In 1876, more so than at any other time in history, the comparatively fledgling United States had justifiable cause for confidence in its future. In the 100 years since its founding, the number of states had almost tripled, the population had grown from four million to forty million, and the United States now ranked as a major world power. With parts of the continent still left unsettled, it was clear that the progress of science and industry portended the prospect of taming the great American west. As such, America’s first Centennial was cause for great celebration.
In the lead up to the nation’s Centennial in 1876, flag makers and individuals looked to the past for designs to produce as part of the country’s many celebrations. Popular interpretation of the stars and stripes undoubtedly reached its climax of variety and originality at the time of our Nation’s first Centennial. Since no design restrictions were placed on flagmaker’s imaginations and no strict distinctions were drawn between official and unofficial star counts, it is no surprise that, on the occasion of the Centennial, creativity in flag design was not the exception but the rule.
The cantons from this period presented an array of geometric abstractions. Great star patterns, referred to as the “starry flower of Liberty” by Oliver Wendell Holmes, that were popular from 1818 and on, resurfaced in Centennial flags. The lively assemblage of many white stars into one great stellar design is perhaps the most beautiful visualization of the goal set forth by the original Flag Resolution of 1777, “...13 stars white in a blue field representing a new constellation.”
Also popular were wreath or medallion canton patterns that allowed for unlimited enlargement with the addition of new states, without damage to the fundamental design and strong symbolic feeling of a union. Medallion patterns became popular with Americans who wanted some variation from “row” patterns that prevailed on the previous 35 and 36 star flags.
Other popular designs included staggered rows, box designs, diagonal patterns, or scattered stars placed whimsically on the canton as a mirror to the Nation’s unfettered freedom.
Oddly, the flags of the first Centennial feature three different total numbers of stars on the canton. Some feature thirty-seven stars, valid until July 4, 1777, when Colorado’s star would be added, many feature thirty-eight stars, in honor of the imminent admission of Colorado to the union, while a few feature thirty-nine stars, because for some time it was believed that two territories would be raised to statehood that year.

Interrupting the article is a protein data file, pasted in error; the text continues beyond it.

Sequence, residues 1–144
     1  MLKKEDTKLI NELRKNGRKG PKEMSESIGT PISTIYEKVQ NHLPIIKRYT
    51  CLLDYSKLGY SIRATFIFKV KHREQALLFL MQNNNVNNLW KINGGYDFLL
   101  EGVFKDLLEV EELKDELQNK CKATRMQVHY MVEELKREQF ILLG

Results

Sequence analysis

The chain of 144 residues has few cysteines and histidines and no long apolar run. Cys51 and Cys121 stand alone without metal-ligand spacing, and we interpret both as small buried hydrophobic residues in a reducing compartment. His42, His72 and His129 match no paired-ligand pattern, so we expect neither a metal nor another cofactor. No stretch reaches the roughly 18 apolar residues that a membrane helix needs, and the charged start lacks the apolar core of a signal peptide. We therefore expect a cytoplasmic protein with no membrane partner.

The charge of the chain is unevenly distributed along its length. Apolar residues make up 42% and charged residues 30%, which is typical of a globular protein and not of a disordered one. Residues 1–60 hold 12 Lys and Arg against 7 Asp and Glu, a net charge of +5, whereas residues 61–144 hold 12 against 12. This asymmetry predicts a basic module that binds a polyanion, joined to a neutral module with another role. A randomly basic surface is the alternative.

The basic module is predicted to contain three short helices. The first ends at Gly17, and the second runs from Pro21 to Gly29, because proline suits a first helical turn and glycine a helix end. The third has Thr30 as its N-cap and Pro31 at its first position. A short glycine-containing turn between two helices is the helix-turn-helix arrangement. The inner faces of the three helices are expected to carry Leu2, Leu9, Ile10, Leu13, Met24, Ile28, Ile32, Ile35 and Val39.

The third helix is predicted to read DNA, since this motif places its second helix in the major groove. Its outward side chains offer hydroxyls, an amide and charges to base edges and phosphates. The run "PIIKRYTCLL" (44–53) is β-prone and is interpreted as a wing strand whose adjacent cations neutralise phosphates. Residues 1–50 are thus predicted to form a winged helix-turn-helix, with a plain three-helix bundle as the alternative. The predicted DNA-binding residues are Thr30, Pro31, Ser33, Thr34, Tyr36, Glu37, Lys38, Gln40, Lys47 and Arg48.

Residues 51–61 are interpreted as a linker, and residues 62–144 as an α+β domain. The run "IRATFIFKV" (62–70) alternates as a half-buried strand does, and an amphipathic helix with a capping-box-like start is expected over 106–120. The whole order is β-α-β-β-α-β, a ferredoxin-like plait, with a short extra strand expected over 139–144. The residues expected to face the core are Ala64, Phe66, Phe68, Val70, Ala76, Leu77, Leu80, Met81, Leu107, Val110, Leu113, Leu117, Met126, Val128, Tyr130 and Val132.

Another popular star count on Centennial flags was the thirteen star flags. Designed as tribute to the original flag design, adopted by the Continental Congress on June 14, 1777, thirteen star flags examples could be found in many forms, from child-size printed parade wavers, banners displayed for home use, to the large, exquisitely crafted example included in the “Origins of the American Flag” hanging exhibit, proudly displayed next to other early flag example like the Pine Tree flag, Union Jack, Liberty flags, and Rattlesnake Flags during the Philadelphia Centennial Exposition.
Some of the flags made for the Centennial were designed to be used and displayed during town events and celebrations, and then easily discarded afterwards. This has made it increasingly difficult to find original examples in good condition. Luckily, some examples have been saved, passed down through family generations, and now serve as glorious reminders of our perseverance through the both tragic and triumphant first 100 years as a nation.
The Beautiful and the Damned, published in 1922 by F. Scott Fitzgerald, presents the reader with a fictionalized telling of the perpetually problematic relationship between Zelda and Frances Scott Key Fitzgerald. The novel is not only a landmark in the career of F. Scott Fitzgerald, but a glimpse into past high-societies wrapped up in a rebound cover of blue leather and hand-worked gilding.